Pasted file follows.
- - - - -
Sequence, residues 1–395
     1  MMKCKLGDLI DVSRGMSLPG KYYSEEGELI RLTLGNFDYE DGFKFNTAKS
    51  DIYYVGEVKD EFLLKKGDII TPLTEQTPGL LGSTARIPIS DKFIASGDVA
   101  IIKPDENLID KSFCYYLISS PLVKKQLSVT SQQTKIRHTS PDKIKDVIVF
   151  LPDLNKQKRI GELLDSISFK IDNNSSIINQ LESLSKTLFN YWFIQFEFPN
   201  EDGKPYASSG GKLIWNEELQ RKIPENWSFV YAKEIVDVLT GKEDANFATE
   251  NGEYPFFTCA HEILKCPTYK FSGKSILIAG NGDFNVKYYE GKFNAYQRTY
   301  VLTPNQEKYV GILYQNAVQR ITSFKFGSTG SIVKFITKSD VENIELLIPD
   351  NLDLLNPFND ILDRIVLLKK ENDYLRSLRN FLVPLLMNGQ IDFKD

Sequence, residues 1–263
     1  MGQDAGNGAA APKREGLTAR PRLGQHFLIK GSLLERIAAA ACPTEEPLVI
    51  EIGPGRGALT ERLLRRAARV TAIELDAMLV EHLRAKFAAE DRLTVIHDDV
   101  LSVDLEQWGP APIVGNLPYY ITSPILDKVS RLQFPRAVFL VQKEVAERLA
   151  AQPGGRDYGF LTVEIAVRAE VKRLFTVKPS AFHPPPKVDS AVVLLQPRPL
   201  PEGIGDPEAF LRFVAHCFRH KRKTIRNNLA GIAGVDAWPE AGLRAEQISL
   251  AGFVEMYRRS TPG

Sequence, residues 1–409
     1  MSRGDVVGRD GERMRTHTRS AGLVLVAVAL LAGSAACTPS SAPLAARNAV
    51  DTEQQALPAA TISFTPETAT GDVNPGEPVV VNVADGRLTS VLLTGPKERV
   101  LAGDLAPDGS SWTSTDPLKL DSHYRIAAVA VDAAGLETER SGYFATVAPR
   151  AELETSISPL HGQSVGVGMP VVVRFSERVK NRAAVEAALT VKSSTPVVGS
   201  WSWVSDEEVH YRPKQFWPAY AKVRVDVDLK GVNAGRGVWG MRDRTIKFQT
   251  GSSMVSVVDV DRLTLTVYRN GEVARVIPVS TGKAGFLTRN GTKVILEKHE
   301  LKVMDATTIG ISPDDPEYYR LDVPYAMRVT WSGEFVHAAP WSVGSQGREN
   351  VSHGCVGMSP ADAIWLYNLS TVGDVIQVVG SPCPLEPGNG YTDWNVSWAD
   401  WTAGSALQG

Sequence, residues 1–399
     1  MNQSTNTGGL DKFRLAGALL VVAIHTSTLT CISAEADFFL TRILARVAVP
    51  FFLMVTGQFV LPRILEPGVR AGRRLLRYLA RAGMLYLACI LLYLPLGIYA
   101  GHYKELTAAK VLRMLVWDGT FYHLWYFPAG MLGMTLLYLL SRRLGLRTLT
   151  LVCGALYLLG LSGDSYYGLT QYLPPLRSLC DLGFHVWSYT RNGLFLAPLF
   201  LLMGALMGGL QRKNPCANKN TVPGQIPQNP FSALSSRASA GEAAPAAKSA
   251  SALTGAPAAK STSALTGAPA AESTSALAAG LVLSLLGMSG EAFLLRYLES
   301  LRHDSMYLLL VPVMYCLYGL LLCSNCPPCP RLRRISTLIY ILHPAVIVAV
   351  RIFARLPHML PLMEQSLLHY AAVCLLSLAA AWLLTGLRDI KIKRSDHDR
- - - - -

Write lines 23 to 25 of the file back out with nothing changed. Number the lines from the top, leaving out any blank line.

   251  GSSMVSVVDV DRLTLTVYRN GEVARVIPVS TGKAGFLTRN GTKVILEKHE
   301  LKVMDATTIG ISPDDPEYYR LDVPYAMRVT WSGEFVHAAP WSVGSQGREN
   351  VSHGCVGMSP ADAIWLYNLS TVGDVIQVVG SPCPLEPGNG YTDWNVSWAD